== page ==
3:39pm

Wed April 11, 2012
The Salt

Fishermen Net Gold In Silvery Eels Sold To Asia

A fisherman uses a lantern while dip-netting for elvers on a river in southern Maine. Elvers are young, translucent eels that are born in the Sargasso Sea and swim to freshwater lakes and ponds, where they grow to adults before returning to the sea.
Robert F. Bukaty AP

There's a gold rush under way on the East Coast of the U.S. for tiny baby eels known as elvers. Fishermen in Maine and South Carolina are reaping profits upward of $2,000 per pound for the fish that are considered a delicacy in Japan.

Elvers have an almost ghostly appearance in the water — their bodies are a cloudy white, skinny as a cocktail straw and no longer than your finger. They look like tiny snakes as they squiggle through the water.

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3:28pm

Wed April 11, 2012
Sports

Five-Time Olympic Archer Giving It One More Shot

Butch Johnson competes in the 2010 U.S. National Target Championships in Hamilton, Ohio. Johnson is trying for his sixth Olympic Games this summer. When not competing, he manages an archery range in Connecticut. He keeps his Olympic medals under the kitchen sink.
Teresa Iaconi Courtesy of USA Archery

3:14pm

Wed April 11, 2012
The Two-Way

No Parole For Charles Manson; Bid May Be His Last

A photo provided by the California Department of Corrections shows killer Charles Manson, 77, on April 4, 2012.
AP

Convicted murderer Charles Manson, sentenced to life in prison for his role in the grisly deaths of seven people in 1969, will not be released from prison, California's parole board decided Wednesday. The hearing, which Manson did not attend, may have been the 77-year-old's last chance at freedom. His next bid for a parole hearing isn't likely to be heard until 2027.

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3:08pm

Wed April 11, 2012
Energy

Quakes Caused By Waste From Gas Wells, Study Finds

A water truck heads up Colorado Road 215 along Parachute Creek. Water is key to extracting natural gas from deep underground.
David Gilkey NPR

The U.S. Geological Survey will soon confirm that the oil and gas industry is creating earthquakes, and new data from the Midwest finds that these man-made quakes are happening more often than originally thought.

Earthquakes happen when faults in the Earth slip and slide against each other. There's continuous stress on innumerable faults on our continent, but seismologists like Bill Ellsworth, from the U.S. Geological Survey, started seeing something odd about 12 years ago.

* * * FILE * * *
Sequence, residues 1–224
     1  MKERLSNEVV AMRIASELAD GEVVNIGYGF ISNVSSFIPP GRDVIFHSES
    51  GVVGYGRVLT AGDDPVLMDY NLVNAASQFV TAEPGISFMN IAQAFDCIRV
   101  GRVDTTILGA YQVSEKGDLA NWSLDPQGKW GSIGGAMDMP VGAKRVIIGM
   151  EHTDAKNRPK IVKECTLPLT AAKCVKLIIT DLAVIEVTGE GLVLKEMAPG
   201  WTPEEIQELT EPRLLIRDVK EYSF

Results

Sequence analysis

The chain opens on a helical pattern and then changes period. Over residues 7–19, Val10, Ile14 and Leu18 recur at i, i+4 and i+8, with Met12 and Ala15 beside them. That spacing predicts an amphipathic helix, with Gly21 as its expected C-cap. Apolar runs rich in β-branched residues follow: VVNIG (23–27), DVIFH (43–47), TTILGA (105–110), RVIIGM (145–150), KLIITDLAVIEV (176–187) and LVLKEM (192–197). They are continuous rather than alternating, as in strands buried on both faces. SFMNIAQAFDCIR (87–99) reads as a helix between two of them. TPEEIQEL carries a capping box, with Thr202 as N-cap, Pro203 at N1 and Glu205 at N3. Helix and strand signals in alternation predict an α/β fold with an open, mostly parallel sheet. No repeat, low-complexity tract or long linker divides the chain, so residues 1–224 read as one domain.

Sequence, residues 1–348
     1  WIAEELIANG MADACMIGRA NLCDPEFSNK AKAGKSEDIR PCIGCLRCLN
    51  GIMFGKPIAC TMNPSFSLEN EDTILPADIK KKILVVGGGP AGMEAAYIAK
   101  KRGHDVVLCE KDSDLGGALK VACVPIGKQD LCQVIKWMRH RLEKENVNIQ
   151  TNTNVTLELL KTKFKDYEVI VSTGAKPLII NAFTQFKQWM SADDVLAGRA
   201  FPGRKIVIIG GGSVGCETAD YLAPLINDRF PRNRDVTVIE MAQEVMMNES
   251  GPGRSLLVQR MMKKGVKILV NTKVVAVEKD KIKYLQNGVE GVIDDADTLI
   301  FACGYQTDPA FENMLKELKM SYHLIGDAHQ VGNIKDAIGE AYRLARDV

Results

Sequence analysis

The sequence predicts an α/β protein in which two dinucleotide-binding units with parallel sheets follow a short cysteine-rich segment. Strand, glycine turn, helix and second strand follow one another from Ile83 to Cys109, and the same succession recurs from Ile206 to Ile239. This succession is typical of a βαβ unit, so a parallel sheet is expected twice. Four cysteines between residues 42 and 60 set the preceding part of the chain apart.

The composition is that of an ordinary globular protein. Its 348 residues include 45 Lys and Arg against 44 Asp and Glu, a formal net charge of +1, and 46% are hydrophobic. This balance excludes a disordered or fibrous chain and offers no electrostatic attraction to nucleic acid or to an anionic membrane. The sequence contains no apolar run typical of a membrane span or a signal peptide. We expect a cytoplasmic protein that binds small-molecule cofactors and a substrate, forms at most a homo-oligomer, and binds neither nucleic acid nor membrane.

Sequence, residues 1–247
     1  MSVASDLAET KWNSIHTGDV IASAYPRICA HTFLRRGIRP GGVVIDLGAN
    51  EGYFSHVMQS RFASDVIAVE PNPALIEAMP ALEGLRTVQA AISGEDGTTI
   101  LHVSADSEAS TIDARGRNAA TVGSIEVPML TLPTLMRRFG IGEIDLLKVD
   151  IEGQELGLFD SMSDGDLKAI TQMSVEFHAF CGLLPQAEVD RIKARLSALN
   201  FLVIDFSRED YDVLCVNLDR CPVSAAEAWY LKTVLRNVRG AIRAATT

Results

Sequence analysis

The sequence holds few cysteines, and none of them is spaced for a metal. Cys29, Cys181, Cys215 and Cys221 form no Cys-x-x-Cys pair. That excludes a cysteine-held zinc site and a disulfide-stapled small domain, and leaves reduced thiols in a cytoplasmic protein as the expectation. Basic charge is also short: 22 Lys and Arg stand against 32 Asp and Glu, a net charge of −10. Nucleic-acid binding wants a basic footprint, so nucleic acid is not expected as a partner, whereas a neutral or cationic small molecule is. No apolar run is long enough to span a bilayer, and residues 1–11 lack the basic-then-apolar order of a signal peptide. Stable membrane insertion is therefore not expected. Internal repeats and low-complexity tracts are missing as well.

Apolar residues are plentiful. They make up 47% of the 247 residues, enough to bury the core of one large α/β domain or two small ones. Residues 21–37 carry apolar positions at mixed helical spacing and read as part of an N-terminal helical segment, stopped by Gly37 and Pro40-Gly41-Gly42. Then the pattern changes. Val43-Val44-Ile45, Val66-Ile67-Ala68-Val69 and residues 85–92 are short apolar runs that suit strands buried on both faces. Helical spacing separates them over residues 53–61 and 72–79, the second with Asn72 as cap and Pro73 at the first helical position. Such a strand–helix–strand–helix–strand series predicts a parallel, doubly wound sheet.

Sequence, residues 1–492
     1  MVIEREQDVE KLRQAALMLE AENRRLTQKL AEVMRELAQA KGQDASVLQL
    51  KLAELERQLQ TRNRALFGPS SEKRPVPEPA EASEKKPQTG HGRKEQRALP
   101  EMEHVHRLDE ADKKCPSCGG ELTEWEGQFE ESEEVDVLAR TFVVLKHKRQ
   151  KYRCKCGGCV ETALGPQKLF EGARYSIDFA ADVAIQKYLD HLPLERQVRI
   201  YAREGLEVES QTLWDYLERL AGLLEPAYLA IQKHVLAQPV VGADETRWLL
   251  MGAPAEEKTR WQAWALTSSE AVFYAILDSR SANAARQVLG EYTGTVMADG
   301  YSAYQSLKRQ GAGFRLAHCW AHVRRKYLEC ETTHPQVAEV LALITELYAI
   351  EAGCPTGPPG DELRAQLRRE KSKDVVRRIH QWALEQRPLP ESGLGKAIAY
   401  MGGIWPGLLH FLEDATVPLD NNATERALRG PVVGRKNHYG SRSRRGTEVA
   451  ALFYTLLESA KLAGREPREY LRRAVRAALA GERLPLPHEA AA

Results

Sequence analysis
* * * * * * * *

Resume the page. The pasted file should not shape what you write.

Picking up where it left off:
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3:00pm

Wed April 11, 2012
The Two-Way

Zimmerman Is Reportedly Arrested; Prosecutor Has 'New Information'

Originally published on Wed April 11, 2012 6:20 pm

George Zimmerman, in a 2005 mug shot provided by the Orange County (Fla.) jail, via The Miami Herald. He was arrested that year for an incident involving a dispute with a local alcohol control official.
AP

Florida state attorney Angela Corey, who is acting as a special prosecutor in the high-profile shooting death of teenager Trayvon Martin, has scheduled a 6 p.m. ET news conference to "release new information" regarding the case, her office just announced.

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Dan Charles is NPR's food and agriculture correspondent.

Primarily responsible for covering farming and the food industry, Charles focuses on the stories of culture, business, and the science behind what arrives on your dinner plate.

This is his second time working for NPR; from 1993 to 1999, Charles was a technology correspondent at NPR. He returned in 2011.

2:24pm

Wed April 11, 2012
The Salt

FDA Launches Voluntary Plan To Reduce Use Of Antibiotics In Animals

Originally published on Thu April 12, 2012 6:38 am

The FDA's latest effort to end the use of antibiotics as growth promoters in animals is getting mixed reviews from activists.
Rob Carr AP

The U.S. Food and Drug Administration said today it is calling on the nation's pork, beef, and poultry producers to reduce their use of antibiotics. But some watchdog groups say this voluntary guidance doesn't go nearly far enough.

The issue has been contentious for decades. Just last month, a federal judge ruled that the FDA had to go ahead with a plan it proposed in 1977 that would ban the use of some antibiotics as a growth promoter in animals.

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2:15pm

Wed April 11, 2012
The Two-Way

VIDEO: Texting Guy Barely Escapes Bumping Into Bear

As the bear turned right, Vaz Terdandenyan was about to come down the sidewalk toward it. He got a surprise.
KTLA-TV

If this doesn't make you want to put down that cellphone, we don't know what will.

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2:14pm

Wed April 11, 2012

2:14pm

Wed April 11, 2012
Shots - Health Blog

Ark. Judge Socks Johnson & Johnson With $1.1 Billion Penalty

A state judge in Arkansas ordered Johnson & Johnson to pay a $1.1 billion fine after a jury found the company had minimized the risks of its antipsychotic drug Risperdal.

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